A Natural Easter Craft for the Whole Family | Coloring Easter Eggs with Whipped Cream
Holidays are such a fun time to make keepsake crafts with your kiddos. This is only Blake's second Easter and she already has a handful of Easter crafts that we have saved in her keepsake box. From the Easter egg painting from the library, to the wooden Easter egg magnets, there is so much we want to save for Blake to look back on later!
This year, I was wanting to do a fun Easter craft with Blake that would leave us with a great memory to have forever. When I saw the video on Facebook using shaving cream to color Easter eggs, I knew that I wanted to try a version of that. I wasn't crazy about the idea of eating eggs soaked in shaving cream chemicals and I am not one to waste good food, so I thought we could use whipped cream instead!
Needed Items For Whipped Cream Egg Coloring:
- Tub of whipped cream
- Food coloring
- Hard boiled eggs
- A few large containers
This craft was super easy to set up! First, hardboil the eggs and let them cool. Then, soak the eggs in vinegar for about 20 minutes. This is important because the vinegar helps the dye to stick to the egg shells. While the eggs were soaking in vinegar, I set out 5 containers and filled them each with a layer of whipped cream.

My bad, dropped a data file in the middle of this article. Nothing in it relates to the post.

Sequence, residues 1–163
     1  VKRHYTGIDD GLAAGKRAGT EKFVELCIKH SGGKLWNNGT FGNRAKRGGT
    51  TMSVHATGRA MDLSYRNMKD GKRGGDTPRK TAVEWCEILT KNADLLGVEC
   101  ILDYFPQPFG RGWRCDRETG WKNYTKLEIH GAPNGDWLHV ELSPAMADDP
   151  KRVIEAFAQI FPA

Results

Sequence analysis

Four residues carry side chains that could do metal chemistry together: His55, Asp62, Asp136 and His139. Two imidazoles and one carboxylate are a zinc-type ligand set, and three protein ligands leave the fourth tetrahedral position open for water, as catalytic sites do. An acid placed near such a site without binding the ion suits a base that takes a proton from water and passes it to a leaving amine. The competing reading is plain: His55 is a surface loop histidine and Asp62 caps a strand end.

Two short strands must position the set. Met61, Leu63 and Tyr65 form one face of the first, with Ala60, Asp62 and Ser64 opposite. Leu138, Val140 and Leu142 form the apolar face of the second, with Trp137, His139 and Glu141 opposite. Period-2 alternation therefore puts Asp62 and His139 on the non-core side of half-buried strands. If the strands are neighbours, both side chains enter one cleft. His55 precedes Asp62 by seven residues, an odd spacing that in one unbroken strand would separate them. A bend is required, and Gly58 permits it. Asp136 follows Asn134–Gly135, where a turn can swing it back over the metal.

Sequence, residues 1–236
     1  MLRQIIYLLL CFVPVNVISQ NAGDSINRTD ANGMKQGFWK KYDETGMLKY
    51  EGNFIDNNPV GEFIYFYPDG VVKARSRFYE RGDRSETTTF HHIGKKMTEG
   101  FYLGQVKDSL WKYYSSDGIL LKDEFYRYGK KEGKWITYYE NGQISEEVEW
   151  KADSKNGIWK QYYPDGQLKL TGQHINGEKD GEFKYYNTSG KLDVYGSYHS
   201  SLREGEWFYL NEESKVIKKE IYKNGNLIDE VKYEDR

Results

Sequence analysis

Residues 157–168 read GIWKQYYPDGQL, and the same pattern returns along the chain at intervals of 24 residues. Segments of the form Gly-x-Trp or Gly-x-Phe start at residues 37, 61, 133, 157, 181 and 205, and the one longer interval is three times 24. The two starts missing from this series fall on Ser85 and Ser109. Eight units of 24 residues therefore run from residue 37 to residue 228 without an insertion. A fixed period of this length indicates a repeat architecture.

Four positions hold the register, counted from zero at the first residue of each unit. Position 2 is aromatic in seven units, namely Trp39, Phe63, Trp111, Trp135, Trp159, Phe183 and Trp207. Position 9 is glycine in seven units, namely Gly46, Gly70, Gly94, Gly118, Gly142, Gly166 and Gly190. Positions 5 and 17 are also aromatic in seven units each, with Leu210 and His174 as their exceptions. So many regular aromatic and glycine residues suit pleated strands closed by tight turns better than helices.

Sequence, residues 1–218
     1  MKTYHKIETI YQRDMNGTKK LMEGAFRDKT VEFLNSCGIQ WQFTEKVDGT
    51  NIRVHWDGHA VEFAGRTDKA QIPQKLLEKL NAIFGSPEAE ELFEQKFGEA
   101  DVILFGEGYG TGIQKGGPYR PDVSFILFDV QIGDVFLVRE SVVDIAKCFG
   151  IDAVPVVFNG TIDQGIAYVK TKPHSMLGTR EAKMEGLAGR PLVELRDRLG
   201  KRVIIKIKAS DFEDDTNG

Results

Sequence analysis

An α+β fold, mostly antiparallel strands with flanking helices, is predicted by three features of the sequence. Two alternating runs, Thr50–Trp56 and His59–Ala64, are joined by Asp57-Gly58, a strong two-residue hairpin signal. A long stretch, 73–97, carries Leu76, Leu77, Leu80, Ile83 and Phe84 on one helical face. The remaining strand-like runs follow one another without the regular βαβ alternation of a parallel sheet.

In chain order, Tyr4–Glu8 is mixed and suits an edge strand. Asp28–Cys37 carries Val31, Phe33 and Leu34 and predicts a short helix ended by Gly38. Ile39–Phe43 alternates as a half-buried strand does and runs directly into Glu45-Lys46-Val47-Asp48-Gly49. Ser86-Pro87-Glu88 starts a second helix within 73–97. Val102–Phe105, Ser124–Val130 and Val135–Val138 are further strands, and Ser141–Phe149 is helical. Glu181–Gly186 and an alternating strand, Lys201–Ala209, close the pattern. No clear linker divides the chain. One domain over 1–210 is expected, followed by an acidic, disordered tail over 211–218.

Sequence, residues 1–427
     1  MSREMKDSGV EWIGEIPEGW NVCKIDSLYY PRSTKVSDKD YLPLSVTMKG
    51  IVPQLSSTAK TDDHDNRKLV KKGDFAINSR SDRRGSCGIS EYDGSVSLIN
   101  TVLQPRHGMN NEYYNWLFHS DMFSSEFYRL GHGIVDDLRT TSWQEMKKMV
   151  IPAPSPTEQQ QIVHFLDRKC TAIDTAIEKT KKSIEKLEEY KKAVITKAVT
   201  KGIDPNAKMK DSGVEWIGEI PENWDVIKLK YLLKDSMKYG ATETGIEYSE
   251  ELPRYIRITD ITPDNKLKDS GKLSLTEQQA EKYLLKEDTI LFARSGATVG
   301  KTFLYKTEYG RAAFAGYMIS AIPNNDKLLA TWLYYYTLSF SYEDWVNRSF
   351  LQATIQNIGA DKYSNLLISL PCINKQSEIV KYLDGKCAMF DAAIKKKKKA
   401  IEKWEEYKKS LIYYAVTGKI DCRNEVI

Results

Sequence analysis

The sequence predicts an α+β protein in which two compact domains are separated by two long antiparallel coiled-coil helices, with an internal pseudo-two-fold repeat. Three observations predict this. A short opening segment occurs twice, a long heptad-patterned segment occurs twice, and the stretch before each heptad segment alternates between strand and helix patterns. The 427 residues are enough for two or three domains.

Pro tip: We used TruWhip, a natural whipped cream, but the consistency was a bit different than what we needed. Next year, we will use regular CoolWhip for the right consistency to be able to roll the eggs better
Next, put a few drops of food coloring in each container. Be sure not to mix all the colors together or else you might end up with an ugly brown egg! You can mix two or three colors in the same container to get a cool tie-dye effect! Take a toothpick and swirl the colors around throughout the whipped cream.
Pro tip: Use natural food coloring to avoid ingesting the artificial dyes.
Finally, it's time for you to color some eggs! Place your eggs in the whipped cream and roll them around until they are fully coated in whipped cream and food coloring! Blake had so much fun with this part! However, she doesn't like to be messy, so she asked for a spoon to roll the eggs with. That was fine by me as it made clean up so much easier!
After all the eggs are coated in dye, let them sit for about 20 minutes before wiping them off with a paper towel. We made the mistake of rinsing the first few with water, and it took off some of the color. We love how well our eggs turned out and I am excited to turn them into deviled eggs to eat this weekend!
If you use this method of coloring eggs, we would love to see some pictures of your finished Easter eggs!
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